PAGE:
Optical imaging is ideal for observing and characterizing delivery of your therapeutic in live animals and excised organs. Optical modalities include direct detection using near-infrared (NIR) fluorescent dyes and indirect detection using bioluminescence or NIR fluorescent proteins.
NIR fluorescence detection (680 nm to 820 nm) is a sensitive and efficient modality for in vivo and ex vivo studies. It can be used to illuminate features, such as tumors, deep within the body.
NIR imaging aids in visualizing and monitoring the response to your therapeutic. Developing a dye-labeled therapeutic involves several validation steps. Characterization of therapeutics should be done in vitro to confirm specificity to the target before moving to animal studies, as in vivo studies can be very costly.
Comprehensive in vitro analysis of your therapeutic can be performed using an Odyssey® Imaging System, such as the Odyssey CLx. Biological characterization of your dye-labeled therapeutic in vivo and ex vivo can follow using the Pearl® Trilogy Small Animal Imaging System.
Detection in the NIR spectrum is ideal for evaluating therapeutic response and provides several advantages.
Autofluorescence from animal tissue is significantly lower in the NIR region. This renders tissue virtually transparent and allows for high signal-to-noise ratios and detection of your targets using dye-labeled therapeutics.
In contrast to other imaging modalities, images can be captured within seconds, allowing you to rapidly and repeatedly screen mice.
Compared to other modalities, NIR imaging is more economical.
The molecular mechanisms behind the activity of your therapeutic can be measured using transfected cells or transgenic animals expressing either the luciferase gene (i.e., bioluminescence) or fluorescent proteins like near-infrared fluorescent protein (iRFP) (i.e., fluorescence). With specific promotors, these genes can be used to monitor levels of expression—either constitutive or inducible—in an animal within the context of the disease being studied.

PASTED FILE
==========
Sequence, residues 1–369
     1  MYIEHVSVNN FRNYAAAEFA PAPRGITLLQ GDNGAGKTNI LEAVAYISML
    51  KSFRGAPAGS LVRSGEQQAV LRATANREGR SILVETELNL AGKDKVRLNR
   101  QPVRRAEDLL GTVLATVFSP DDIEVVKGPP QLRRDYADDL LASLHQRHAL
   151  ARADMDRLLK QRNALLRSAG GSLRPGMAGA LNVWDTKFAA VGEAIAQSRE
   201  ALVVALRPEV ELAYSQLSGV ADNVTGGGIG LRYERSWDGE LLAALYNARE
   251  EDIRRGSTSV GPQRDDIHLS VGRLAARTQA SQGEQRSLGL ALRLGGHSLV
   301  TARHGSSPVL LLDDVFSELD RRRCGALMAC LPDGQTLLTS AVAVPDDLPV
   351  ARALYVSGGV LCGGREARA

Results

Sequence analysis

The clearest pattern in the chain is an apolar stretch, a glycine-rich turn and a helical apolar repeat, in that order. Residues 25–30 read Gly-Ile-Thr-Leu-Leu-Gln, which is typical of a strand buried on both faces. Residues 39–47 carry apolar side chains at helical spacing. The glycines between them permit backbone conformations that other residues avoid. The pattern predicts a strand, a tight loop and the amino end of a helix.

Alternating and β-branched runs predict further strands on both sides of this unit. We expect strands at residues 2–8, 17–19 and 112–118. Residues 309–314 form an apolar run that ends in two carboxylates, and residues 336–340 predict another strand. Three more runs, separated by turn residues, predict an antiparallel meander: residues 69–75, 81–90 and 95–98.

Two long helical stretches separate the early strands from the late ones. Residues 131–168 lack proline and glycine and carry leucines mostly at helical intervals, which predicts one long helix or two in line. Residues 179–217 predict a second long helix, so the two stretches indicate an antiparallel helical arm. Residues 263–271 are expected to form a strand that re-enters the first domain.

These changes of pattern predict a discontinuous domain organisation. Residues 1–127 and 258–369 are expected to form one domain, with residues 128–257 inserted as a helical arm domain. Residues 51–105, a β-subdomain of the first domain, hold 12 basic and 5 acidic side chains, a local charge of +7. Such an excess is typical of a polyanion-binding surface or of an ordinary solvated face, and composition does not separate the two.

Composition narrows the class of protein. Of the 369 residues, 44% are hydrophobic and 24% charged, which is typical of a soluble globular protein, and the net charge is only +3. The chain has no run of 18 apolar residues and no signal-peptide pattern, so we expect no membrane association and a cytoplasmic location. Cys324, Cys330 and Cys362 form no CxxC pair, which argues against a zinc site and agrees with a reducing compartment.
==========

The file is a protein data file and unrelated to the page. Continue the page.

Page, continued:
Bioluminescence is generally used for cell tracking and gene expression studies. Renilla luciferase and Firefly luciferase are commonly used enzymes in bioluminescence research. These enzymes oxidize the bioluminescent substrate luciferin, which results in an emission of light that can then be detected and measured. Cells that constitutively express the luciferase gene can be injected into a mouse and followed over time for cellular distribution after luciferin administration. Likewise, cells that express the luciferase gene under an inducible promotor can be monitored through various treatments to assess how the levels of expression change.
Bioluminescence can be detected using an imager like the Pearl Trilogy Small Animal Imaging System for in vivo molecular activity measurements. For example, a study compared D-luciferin and Cycluc-1 to determine which was a more robust luciferin substrate (Figure 1). A cell-construct was implanted in mice, and xenografts were established. Upon the injection of substrate, the Pearl Trilogy Imager was used to measure light production, and results suggested that Cycluc-1 was a more robust substrate than D-luciferin.
NIR fluorescent protein expression can be used to measure cell tracking and tumor progression in response to your therapeutic. Unlike bioluminescence, iRFP does not require the addition of a substrate for visualization but simply needs to be excited using a light source. The emitted light is then detected by an imaging system such as the Odyssey CLx Imaging System or Pearl Trilogy.